? here: as 
well as other information you may find useful.  Of particular interest 
is the fact that they cite specific rationales for the selections 

This technical report from the University of Michigan?s Transportation 
Research Institute, entitled ?Suggested Human Factors Design 
Guidelines for Driver Information Systems? addresses visual displays, 
and discusses such variables as color, font selection, type size, 
glare and lighting:

The ?Driver Interface Group? homepage is here:

General Guidelines for Advanced Traveler Information System (ATIS) 
Displays (includes supporting rationale):

This report from the Federal Railroad Administration (FRA) is on 
design guidelines for locomotive cabs, and addresses such issues as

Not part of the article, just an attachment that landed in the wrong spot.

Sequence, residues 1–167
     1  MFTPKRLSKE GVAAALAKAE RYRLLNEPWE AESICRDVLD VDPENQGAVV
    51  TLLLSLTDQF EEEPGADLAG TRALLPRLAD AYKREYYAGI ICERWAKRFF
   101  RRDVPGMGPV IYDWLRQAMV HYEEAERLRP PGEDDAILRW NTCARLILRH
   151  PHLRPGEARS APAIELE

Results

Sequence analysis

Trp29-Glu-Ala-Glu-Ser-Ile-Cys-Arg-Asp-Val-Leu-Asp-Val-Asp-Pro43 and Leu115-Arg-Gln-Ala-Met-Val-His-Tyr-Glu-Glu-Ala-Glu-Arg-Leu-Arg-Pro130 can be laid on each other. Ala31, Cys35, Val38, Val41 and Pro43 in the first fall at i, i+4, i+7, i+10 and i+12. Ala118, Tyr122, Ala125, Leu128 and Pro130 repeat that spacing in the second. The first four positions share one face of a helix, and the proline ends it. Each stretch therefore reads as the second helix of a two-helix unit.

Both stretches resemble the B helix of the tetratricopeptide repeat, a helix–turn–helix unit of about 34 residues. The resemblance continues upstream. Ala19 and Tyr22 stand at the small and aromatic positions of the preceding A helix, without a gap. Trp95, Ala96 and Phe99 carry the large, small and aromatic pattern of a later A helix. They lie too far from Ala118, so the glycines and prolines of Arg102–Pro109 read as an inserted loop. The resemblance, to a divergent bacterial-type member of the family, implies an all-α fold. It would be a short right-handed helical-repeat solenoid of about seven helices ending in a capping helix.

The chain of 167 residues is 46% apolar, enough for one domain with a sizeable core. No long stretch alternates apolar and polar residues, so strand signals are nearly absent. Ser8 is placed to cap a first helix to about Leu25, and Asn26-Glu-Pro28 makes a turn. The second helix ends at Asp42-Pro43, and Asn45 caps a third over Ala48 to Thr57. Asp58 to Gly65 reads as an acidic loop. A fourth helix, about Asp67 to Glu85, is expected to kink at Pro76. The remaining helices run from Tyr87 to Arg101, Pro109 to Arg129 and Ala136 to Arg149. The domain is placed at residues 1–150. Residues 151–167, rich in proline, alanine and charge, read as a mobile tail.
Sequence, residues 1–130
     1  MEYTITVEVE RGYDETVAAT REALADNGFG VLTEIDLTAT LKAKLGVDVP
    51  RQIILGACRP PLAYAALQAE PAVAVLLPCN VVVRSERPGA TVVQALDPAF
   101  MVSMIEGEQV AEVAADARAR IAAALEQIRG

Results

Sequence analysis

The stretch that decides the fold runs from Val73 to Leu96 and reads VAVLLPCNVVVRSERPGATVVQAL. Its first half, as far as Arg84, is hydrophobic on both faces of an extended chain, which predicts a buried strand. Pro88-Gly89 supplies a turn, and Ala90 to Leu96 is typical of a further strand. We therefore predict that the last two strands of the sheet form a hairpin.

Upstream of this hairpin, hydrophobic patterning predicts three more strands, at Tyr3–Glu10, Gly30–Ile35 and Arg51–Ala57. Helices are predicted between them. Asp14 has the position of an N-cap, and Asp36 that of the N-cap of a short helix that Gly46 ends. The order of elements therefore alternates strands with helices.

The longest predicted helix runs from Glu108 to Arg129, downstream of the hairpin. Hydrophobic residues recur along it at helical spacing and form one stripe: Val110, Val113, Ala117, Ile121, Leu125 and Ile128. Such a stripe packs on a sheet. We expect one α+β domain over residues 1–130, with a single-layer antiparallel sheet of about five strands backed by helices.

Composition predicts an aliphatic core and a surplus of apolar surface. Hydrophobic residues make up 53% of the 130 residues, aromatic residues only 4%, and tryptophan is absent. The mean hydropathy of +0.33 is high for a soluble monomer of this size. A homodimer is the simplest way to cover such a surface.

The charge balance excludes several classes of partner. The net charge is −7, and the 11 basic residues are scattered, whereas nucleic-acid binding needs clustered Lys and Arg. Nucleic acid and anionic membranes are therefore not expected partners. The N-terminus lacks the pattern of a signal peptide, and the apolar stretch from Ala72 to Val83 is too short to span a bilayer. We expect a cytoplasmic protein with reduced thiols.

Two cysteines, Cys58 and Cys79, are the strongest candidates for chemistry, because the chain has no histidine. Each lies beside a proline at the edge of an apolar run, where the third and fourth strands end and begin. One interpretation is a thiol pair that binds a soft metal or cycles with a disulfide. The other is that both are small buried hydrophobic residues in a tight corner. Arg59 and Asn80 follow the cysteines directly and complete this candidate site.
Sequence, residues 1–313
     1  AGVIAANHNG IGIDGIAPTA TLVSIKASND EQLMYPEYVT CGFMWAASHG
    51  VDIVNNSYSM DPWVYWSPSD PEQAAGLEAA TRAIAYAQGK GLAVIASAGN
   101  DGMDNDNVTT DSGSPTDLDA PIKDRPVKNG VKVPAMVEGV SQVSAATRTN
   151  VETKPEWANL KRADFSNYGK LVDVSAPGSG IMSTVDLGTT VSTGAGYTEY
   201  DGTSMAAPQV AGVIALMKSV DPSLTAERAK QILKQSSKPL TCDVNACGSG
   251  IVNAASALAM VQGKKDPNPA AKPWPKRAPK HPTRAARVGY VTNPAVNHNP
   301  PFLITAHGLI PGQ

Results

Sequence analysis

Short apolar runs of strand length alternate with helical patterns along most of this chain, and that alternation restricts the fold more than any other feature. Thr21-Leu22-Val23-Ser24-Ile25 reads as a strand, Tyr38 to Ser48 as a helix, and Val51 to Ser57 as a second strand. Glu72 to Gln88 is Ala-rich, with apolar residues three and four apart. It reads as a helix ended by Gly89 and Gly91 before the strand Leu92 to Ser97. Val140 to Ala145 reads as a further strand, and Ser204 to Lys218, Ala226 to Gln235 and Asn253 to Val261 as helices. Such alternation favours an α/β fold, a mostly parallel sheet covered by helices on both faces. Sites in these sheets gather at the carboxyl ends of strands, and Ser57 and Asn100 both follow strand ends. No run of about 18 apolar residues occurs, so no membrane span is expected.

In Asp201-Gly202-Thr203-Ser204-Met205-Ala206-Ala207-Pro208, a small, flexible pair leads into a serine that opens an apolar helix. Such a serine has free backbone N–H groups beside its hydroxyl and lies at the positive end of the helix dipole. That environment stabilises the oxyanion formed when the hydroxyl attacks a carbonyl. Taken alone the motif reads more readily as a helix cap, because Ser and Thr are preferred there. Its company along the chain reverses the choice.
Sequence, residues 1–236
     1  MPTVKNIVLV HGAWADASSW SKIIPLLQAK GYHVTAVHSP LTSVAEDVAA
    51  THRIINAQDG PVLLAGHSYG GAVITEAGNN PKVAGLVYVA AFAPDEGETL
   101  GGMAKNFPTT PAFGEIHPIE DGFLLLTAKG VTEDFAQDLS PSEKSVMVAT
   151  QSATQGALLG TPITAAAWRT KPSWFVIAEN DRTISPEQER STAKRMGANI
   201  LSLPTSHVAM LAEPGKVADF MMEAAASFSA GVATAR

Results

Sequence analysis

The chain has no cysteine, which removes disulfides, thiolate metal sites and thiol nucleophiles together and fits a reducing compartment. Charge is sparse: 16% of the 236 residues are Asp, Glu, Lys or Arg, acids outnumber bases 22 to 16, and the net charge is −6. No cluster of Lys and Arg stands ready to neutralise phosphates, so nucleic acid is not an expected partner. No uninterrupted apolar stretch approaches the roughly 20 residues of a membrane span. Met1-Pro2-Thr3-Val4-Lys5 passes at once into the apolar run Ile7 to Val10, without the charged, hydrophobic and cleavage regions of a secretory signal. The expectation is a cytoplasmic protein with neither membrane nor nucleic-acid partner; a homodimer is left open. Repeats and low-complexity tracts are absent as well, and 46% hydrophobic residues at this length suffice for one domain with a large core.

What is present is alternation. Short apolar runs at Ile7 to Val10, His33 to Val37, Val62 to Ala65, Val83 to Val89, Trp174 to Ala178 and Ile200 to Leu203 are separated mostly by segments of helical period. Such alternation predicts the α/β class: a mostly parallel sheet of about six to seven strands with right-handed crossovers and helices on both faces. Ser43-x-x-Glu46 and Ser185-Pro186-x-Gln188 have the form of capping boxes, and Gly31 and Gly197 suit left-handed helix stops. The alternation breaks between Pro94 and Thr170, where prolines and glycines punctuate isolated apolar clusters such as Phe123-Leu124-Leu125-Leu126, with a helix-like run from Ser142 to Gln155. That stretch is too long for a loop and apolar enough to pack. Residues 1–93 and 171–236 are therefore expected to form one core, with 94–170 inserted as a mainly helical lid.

workstation design, including instrumentation layout and visibility, 
controls, labeling, and others in all visibility conditions:

The report above refers to ANSI standards ANSI/HSF-100 1988, which can 
be purchased here:
This article:  
above with regard to its usefulness in actually designing a work 
terminal, and concludes that other standards and guidelines might 
actually be more useful.  In particular it references ISO 9241, the 
European Community international standard.  That can be purchased here:


Here?s a terrific list of resources from ?The Visual Expert? 
pertaining to vision and human factors in design:

Here is a list of references on human factors in design, including 
some to signs and equipment/instrument markings:

And from the International Organization for Standardization (ISO) is 
this list of design standards for signs of various types:

Color Resources ? a page of links to a lot of information on various 
uses of color:

International Ergonomics Association:

American National Standards Institute (ANSI):

American Society for Testing and Materials(ASTM):

Society for Information Display:

United States Sign Council: